Reorganized Dirt

Reorganized Dirt

This post is contributed by Barnaby Porter from his archives. Read the previous post here.

corn stalks growing in the garden

There are things in this life that can bring a guy right up short – zucchini for example. One day I peer at a floppy yellow flower through the lushness of elephant ear-sized leaves and stiff-haired vines; the next, it seems, I’m startled upright by the sudden sight of an 8-pound, dark green bomb the size of my thigh.

As our patches of scratched earth belch forth plump, ripe offerings amid the singing of crickets, I, for one, am repeatedly brought upright in amazement at the miraculous things that happened in my vegetable garden. Back in May, aside from two rows of asparagus, the only noticeable feature in my newly tilled plot was the occasional bit of old corn stubble sticking through the perfect, granular surface. Nothing else, maybe a broken clamshell. For the purpose of discussion, my garden was pure dirt – soft, damp, ready for planting.

I went to the barn and got my wooden hod, which held a dozen or so packets of miniscule germs of life, my string-winder and a measuring tape. I grabbed a bucket of short stakes too, and a rake. And with these few things in hand, I trudged up and down in the soft earth, laying out rows and stooping to dribble my assortment of seeds into neat little furrows.

By early afternoon, I had the garden pretty well planted. My wife offered me a sandwich on a plate and a can of beer, and we sat down, cross-legged, on the greening lawn to admire my garden and to content ourselves with the potential it now held for the months ahead. Neither of us said so, nor even thought it at the time, but that moment was the moment of “ignition.”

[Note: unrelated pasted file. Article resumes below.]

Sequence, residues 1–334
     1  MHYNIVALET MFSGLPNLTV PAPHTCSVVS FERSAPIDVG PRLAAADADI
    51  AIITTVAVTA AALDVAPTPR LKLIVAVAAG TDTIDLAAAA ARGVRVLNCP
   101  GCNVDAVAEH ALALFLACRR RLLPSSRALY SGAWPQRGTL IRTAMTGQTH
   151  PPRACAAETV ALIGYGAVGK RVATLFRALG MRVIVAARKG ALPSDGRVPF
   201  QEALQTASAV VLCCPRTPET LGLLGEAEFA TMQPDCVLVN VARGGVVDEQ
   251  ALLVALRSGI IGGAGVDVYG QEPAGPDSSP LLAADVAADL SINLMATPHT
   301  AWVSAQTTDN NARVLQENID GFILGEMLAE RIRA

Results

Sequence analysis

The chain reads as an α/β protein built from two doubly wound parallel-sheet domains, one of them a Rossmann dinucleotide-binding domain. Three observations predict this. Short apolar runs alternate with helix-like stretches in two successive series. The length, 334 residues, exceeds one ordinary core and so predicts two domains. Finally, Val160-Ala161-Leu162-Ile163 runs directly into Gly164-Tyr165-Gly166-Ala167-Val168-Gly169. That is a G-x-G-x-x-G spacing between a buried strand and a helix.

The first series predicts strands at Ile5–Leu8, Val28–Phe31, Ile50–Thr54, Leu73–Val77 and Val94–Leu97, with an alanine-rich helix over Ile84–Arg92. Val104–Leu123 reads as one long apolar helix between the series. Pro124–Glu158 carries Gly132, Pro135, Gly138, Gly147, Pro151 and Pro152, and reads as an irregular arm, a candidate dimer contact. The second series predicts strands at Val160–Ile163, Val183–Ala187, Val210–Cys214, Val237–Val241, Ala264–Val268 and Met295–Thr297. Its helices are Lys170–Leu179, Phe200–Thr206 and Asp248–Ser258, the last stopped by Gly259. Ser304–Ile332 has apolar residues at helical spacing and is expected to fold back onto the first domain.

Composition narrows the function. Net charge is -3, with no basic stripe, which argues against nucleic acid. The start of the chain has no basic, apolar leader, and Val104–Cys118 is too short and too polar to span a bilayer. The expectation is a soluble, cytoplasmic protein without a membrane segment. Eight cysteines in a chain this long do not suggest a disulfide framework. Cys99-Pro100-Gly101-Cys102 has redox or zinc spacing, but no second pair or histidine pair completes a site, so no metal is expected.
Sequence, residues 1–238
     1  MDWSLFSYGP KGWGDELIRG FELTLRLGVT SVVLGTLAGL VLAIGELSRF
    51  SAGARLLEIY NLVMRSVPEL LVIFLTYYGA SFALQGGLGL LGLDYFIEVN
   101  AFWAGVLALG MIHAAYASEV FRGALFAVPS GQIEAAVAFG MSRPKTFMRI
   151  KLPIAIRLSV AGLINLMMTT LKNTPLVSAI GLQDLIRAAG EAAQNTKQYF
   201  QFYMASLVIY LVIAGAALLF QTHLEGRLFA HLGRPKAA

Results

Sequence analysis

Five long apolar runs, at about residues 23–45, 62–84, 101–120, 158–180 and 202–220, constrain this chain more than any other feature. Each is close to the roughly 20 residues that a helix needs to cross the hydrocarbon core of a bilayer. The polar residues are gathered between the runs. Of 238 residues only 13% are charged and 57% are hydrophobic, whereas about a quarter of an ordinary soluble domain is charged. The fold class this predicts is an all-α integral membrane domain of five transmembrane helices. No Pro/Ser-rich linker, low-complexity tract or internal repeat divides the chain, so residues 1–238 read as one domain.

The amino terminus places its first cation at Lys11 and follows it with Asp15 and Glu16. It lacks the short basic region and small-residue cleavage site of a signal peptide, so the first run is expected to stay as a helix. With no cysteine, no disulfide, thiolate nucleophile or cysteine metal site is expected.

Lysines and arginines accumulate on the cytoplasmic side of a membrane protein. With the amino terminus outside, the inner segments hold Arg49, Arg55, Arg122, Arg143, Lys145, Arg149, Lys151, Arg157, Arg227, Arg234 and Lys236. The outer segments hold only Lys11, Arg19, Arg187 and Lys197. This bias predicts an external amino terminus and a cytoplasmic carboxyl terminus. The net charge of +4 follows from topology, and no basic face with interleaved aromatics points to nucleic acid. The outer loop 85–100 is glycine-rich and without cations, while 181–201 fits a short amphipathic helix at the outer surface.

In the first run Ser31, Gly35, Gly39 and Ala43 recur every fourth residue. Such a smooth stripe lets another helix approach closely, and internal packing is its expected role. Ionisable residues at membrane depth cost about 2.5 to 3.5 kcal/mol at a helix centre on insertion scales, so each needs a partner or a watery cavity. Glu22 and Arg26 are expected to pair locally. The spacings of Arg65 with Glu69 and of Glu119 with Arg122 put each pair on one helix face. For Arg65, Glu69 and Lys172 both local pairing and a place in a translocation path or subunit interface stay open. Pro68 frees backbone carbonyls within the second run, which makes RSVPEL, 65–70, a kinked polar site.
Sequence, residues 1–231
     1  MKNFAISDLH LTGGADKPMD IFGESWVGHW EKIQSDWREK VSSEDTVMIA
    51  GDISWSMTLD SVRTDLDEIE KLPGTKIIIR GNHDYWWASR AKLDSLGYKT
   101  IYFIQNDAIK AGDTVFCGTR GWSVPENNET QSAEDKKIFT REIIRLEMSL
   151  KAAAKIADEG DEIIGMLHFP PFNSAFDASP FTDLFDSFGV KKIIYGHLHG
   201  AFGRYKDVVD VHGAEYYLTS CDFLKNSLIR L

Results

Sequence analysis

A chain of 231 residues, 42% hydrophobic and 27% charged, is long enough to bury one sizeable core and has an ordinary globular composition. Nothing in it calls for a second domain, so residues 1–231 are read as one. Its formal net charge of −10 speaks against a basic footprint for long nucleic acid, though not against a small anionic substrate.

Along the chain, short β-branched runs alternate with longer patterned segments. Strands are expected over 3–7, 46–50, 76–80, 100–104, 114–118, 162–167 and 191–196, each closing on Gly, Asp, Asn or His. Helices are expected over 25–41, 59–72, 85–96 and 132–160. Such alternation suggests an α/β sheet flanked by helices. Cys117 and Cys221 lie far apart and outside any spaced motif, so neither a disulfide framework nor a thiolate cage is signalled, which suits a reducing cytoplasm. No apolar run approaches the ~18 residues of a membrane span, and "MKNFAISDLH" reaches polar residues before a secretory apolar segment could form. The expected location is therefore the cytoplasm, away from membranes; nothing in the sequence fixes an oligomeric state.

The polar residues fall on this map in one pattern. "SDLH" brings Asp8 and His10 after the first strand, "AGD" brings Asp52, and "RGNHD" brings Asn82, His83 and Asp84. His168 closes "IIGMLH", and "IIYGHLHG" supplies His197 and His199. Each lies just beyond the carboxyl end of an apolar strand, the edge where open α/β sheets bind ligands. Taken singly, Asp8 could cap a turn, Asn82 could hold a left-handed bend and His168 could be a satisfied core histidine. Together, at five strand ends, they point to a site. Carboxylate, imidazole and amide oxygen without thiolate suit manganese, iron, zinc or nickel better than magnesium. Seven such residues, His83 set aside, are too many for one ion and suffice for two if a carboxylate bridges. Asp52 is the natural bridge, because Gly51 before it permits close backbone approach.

As we sat there munching sandwiches, moisture was surely beginning to creep through the walls of those many seeds I’d planted. And the Sun’s warmth on the dark, new earth must certainly have been nudging a wakefulness into their dormant germ cells. At any time soon, the first cell division might take place – then another and another, like popcorn. And then, had we thought about the vegetative explosion about to occur, it might have seemed a smart move to run for the house.

As it happened though, the explosion was contained and controlled over the period of days and weeks following. There was no loud sound, no flying earth and debris – only the restless, pregnant convulsions of the garden soil as it was metamorphosed from dirt to brand new plant cells; some of them pale and white if they were building rootlets; the rest bright and green as they grew into pea vines and lettuce leaves, carrot ferns and tender shoots of corn.